East: Mornington Peninsula
The Mornington Peninsula is blessed with stunning beaches, fertile soil and sybaritic pleasures. Stylish B&Bs dot the landscape alongside boutique vineyards, spas (revive yourself at the Peninsula Hot Springs resort), and no fewer than 18 golf courses to challenge dedicated clubbers. The best dining options are conveniently located beside cellar doors: long pizza lunches at T'Gallant's La Baracca Trattoria and Spuntini Bar are de rigeur, fine French dining at Montalto sets the standard for the region, and newcomer Ten Minutes By Tractor, which won Gourmet Traveller's Wine List of the Year for 2008, is a must. www.visitmorningtonpeninsula.org.
West: Werribee Park
The grandeur of Werribee Park offers history, nature and upscale accommodation in the one location. Chirnside Mansion, the seat of a once-great Victorian pastoral empire, provides a bygone contrast to the sharply modern lines of the Sofitel Mansion & Spa, a 91-room hotel and spa complex (deluxe rooms in the spa wing are our pick, doubles from $239). Adjacent to the hotel are 10 hectares of formal gardens, the Werribee Open Range Zoo, Shadowfax winery and the State Rose Garden, with more than 5000 bushes blooming between November and April. www.werribeepark.com.au.
North: Central Coast
The Central Coast is studded with getaway gems, but for a classic Aussie beach escape, head to the twin communities of Hardy's Bay and Killcare. Take a short ferry from Palm Beach or drive up the F3 and bed down in a waterfront holiday home or at adman John Singleton's five-star Killcare Bells, where Stefano Manfredi oversees the in-house menu (doubles from $350 including breakfast). Coastal walks in Bouddi National Park, fish and chips beside the bay and a Sunday afternoon beer at the Hardy's Bay RSL round out the perfect weekend away. www.visitcentralcoast.com.au.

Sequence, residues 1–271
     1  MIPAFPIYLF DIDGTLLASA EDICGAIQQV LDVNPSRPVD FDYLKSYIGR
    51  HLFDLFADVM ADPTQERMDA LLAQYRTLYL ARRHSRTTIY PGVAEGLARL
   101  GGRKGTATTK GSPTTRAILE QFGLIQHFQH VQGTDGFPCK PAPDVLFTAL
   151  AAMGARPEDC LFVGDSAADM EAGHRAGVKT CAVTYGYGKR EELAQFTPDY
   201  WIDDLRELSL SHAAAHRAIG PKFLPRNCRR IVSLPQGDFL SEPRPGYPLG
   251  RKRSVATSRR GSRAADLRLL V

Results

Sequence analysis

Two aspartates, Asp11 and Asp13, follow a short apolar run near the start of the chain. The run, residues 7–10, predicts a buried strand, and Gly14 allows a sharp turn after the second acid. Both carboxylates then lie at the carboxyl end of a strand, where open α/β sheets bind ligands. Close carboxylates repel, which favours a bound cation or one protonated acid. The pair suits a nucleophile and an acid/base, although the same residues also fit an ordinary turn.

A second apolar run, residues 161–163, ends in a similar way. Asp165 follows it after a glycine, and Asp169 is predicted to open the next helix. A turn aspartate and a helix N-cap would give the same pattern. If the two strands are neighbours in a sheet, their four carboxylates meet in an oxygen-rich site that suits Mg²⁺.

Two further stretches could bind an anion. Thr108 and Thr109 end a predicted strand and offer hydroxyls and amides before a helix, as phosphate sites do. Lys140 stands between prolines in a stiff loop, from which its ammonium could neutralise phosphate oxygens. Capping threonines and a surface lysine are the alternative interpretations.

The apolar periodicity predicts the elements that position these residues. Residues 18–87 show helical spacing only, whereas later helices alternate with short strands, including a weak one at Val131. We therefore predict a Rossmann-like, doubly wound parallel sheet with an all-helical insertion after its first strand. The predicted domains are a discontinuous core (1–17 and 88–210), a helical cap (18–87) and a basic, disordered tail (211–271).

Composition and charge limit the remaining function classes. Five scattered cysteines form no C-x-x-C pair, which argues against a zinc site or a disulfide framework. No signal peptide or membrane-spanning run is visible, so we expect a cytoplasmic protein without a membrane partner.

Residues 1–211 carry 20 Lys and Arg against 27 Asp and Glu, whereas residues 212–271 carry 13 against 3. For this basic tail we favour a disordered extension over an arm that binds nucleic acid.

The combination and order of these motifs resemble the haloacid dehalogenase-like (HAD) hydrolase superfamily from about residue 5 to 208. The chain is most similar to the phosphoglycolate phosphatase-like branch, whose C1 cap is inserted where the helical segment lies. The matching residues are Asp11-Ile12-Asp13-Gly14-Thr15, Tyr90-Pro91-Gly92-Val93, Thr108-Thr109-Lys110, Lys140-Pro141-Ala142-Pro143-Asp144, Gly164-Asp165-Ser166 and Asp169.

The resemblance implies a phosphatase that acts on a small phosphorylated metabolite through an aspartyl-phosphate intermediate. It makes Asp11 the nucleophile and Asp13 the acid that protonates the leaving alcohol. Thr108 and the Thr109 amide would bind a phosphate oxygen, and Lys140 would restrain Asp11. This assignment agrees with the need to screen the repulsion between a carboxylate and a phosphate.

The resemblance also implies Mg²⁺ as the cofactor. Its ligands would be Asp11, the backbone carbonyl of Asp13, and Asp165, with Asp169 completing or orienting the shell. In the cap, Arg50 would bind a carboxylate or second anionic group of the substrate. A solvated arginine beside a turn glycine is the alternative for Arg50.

South: Royal National Park
The Royal National Park, Australia's oldest - and the world's second oldest - lies just south of the city and is home to Aboriginal rock art, bracing coastal hikes, isolated beaches such as Wattamolla and Garie, and the charming community of Bundeena. Rent a modern beachfront home here (such as House on the Rock, house is $700 for two nights) or take a room at the five-star Beachhaven (doubles from $275 including breakfast), then spend a peaceful weekend bushwalking, swimming and gazing out to sea. Local artists exhibit their work on the first Sunday of each month at The Art Trail, or take a guided sea kayak tour - by day or night - of the local waterways. www.nationalparks.nsw.gov.au.
West: Blue Mountains
Recharge in the World Heritage-listed surrounds of the Blue Mountains, where luxury accommodation and fine dining complement the primitive wilderness. The Orient Express-run Lilianfels (doubles from $705) is the pick of the inns and a fine base from which to discover the region's Aboriginal heritage, tramp the walking trails to Sublime Point (and Echo Point at sunset), or get a bird's eye-view of the bushland on Scenic World's cable car. Enjoy afternoon tea, a tradition here since Victorian times, at the Hydro Majestic Hotel Blue Mountains or Everglades heritage gardens. www.visitbluemountains.com.au.
East: Swan Valley
Take a ferry from Barrack Street Jetty and cruise up the river to Swan Valley for a weekend among boutique producers on Perth's outskirts. Big-name vineyards such as Sandalford and Houghton dominate the dozens of regional wineries, and there's local beer on tap, too, at microbreweries Mash and Duckstein. Historic Guildford, the valley's hub, trades in antiques and old pubs. Comfortable B&Bs and farmstays abound, or take a room at Novotel The Vines Resort & Country Club, with golf course at your door (doubles from $190). www.swanvalley.com.au.